The Long Run (album)
The Long Run is the sixth studio album by American rock group the Eagles. It was released in 1979, on Asylum in the United States and in the United Kingdom. This was the first Eagles album to feature Timothy B. Schmit, who had replaced founding member Randy Meisner and the last full studio album to feature Don Felder before his termination from the band in 2001.
|The Long Run|
|Studio album by|
|Released||September 24, 1979|
|Recorded||March 1978 – September 1979|
|The Eagles chronology|
|Singles from The Long Run|
|Christgau's Record Guide||C+|
This was the band's final studio album for Asylum Records. It also turned out to be their last studio album as the Eagles disbanded in 1980, until 2007's Long Road Out of Eden after the band had reformed in 1994.
Three singles were released from the album, "Heartache Tonight", "The Long Run", and "I Can't Tell You Why". "Heartache Tonight" reached No. 1 on the singles chart and won a Grammy Award. The album was certified 7× Platinum by the RIAA and has sold more than eight million copies in the US.
The album was originally intended to be a double album. The band could not come up with enough songs and the idea was therefore scrapped. The recording was protracted; they started recording in 1978, and the album took 18 months to record in five different studios, with the album finally released in September 1979. According to Don Henley, the band members were "completely burned out" and "physically, emotionally, spiritually and creatively exhausted" from a long tour when they started recording the album, and they had few songs. However, they managed to put together ten songs for the album, with contribution from their friends J.D. Souther and Bob Seger who co-wrote with Frey and Henley on "Heartache Tonight". (Souther also got songwriting credit on "Teenage Jail" and "The Sad Cafe".)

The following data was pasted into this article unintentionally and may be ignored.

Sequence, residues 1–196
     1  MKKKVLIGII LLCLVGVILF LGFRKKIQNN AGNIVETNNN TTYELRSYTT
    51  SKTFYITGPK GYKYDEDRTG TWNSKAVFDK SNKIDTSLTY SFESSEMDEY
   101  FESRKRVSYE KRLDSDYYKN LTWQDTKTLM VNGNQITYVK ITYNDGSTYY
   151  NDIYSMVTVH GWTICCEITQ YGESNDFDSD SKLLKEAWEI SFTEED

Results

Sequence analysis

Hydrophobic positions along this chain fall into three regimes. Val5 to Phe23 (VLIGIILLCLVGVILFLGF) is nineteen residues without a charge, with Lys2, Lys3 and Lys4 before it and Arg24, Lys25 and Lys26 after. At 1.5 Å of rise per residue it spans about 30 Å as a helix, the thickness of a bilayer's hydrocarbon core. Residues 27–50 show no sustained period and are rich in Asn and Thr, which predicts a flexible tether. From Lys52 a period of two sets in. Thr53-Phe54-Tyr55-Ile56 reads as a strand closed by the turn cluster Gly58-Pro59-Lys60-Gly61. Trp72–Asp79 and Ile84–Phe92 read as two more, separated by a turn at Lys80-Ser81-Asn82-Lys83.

According to Henley, the title track was in part a response to press articles that said they were "passé" as disco was then dominant and punk emerging, which inspired lines such as "Who is gonna make it/ We'll find out in the long run". He said that the inspiration for the lyrics was also "irony", as they wrote about longevity and posterity while the group "was breaking apart, imploding under the pressure of trying to deliver a worthy follow-up to Hotel California".
Randy Meisner decided to leave the Eagles after an argument in Knoxville, Tennessee during the Hotel California Tour in June 1977. He was replaced by Timothy B. Schmit, who brought an unfinished song to the band, "I Can't Tell You Why". Schmit wrote the song based loosely on his own experiences; both Henley and Frey liked the song and they completed the song together. Joe Walsh also contributed a song on the record – "In the City", which was first recorded by Walsh for the movie soundtrack for The Warriors. Don Felder wrote the tune for "The Disco Strangler" using a four-on-the-floor disco beat as the basis for the composition. Henley wrote the lyrics. Henley intended the song to be an antidote to disco as both he and the rest of the band disliked disco, which was the most popular musical genre at the time. The song "The Sad Cafe" was inspired by the Troubadour nightclub in Hollywood where the Eagles once played, and also by Dan Tana's restaurant that they frequented, while "The Greeks Don't Want No Freaks" was written as an homage to Sixties "frat rock" such as the song "96 Tears" by ? and the Mysterians.